There is a great deal of us that don’t put our heart into our work. I can see why too, because it’s so easy to do. With our heart naturally being compassionate, loving and forgiving, theres no reason why it shouldn’t be given its due in the workplace. It’s interesting how studies have shown the release of dopamine and oxytocin. Most people, including myself would always associate these chemicals with the brain and nervous system. I look forward to learning a little more about this scientific theory and to whose really making my decisions; heart or brain…?

  3. Welcome Yathi, I believe you might be on to something here – that of the connection between “coherence” and great working relationships. And I certainly would not advocate for a completely “heart-centered” workplace – there is room for both the brain and the heart, after all (and indeed, we MUST use both). I’m a little confused about your last statements about impeding promotions and depressing employees, though. Could you explain further?

  4. Hi Sachin, I’m glad that the post has made you think retroactively about decisions you’ve made. I also think there is something to being more “proactive” with your thoughts. For instance, if you have a tough conversation coming up, you can use what you are learning to consider how you’d like to show up for that meeting – as more heart centered or brain centered? Or perhaps an equal balance of both? How might you do that?

  5. Thanks Mary. If we love the tasks we do in a particular area (in one division) or if we love the people around us in that division, we may not explore the promotions that come out in another division.

    My other point was that a person works in a place for a long time whole heartedly. The manager let that person go due to business reasons. That employee would think that he/she dedicated himself/herself for this organization for a long time but the organization didn’t care them. The actual reason for the layoff may be due to the economic reasons, or some other reasons but not the employee’s performance. Now that employee has a narrow range of experience and will have a difficult time to find another job. This situation may depress the employee.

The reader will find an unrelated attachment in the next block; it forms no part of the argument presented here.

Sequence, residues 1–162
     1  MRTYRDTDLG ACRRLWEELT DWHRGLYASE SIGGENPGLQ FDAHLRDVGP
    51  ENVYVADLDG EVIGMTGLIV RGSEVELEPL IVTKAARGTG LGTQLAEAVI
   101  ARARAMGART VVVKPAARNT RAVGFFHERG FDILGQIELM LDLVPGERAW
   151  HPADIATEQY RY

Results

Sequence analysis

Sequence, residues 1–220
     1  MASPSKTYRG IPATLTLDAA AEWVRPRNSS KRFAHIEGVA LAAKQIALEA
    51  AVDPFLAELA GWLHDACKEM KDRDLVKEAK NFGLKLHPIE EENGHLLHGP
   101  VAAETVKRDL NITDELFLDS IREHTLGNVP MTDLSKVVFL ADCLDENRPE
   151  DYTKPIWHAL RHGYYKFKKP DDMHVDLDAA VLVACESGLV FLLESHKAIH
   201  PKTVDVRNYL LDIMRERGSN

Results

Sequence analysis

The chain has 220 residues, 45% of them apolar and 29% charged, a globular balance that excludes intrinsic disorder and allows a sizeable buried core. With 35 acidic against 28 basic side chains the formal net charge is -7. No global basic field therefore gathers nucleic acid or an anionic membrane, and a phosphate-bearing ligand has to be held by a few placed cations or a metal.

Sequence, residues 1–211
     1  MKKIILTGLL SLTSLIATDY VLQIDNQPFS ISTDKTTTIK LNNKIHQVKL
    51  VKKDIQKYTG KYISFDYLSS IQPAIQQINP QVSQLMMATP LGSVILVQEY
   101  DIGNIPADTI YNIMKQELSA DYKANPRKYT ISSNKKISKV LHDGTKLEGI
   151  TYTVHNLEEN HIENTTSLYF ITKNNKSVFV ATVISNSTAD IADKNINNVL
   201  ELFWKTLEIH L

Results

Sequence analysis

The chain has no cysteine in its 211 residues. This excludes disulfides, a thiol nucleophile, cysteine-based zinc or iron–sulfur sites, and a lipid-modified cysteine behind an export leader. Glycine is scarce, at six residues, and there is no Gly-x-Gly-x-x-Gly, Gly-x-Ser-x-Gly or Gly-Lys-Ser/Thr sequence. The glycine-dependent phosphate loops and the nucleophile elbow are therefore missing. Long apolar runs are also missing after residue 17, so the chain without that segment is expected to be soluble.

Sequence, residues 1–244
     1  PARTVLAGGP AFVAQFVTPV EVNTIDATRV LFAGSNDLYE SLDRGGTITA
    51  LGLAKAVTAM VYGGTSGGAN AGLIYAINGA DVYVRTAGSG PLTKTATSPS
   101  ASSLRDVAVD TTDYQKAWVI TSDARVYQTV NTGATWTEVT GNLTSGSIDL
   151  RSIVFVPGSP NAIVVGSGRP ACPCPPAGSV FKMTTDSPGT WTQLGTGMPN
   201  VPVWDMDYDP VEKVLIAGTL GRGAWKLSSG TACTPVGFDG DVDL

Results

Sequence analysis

These are just my thoughts. I do not know any actual examples.

  6. Fascinating blog which sparked the following thoughts. If the connection between our heart and brain can impact the success or failure of our leadership, one would think that by controlling our heart rate we could control our ability to access compassion, love, and forgiveness. It would be an interesting study to have leaders wear a heart rate monitor for a day. If their heart rate goes above a certain point (100 bpm for example) a quiet alarm would trigger. By learning to control one’s heart rate we should be able to increase our ability to access the traits that result in greater leadership. This is assuming that it is difficult to access these traits when one’s heart rate is 150 bpm!

  7. Hi Mary,
    It was my mentors that reminded me that I didn’t have to lead by position, even though I could have. I became much better at real leadership the day I shredded my business card. I was challenged to take a higher, more difficult path to achieving longer-lasting loyalty and deeper relationships with those who followed me closest.

  8. Hi Mary,

    Came to your site via my friend @LisaPetrilli who tweeted about it. And I’m glad she did.

    Very, very intriguing and thought-provoking topic for sure.

    I think Garrick’s idea is brilliant. I would take it further and study leaders and see what impact listening to their heart and controlling their heart rate has on their health.

    Thanks for sharing this Mary!

    All the best,
    Steve O

  9. Hi Mary,
    I like the idea of balancing both heart and mind. Their may be some situations where a I have made premeditated decision before meeting with someone. For example having to let an employee go… I’ve never dealt with that one, but would expect it to be a decision that the heart should take step back for.
    In general, I like the balance of both. If I make a decision that I regret, I’ll definitly learn something!

  10. Hi Sachin, it is difficult to let the heart take a step back when an employee must be let go. Even seasoned leaders (and those who operate more from the head) seem to have difficulty with that one. I agree that balance is key.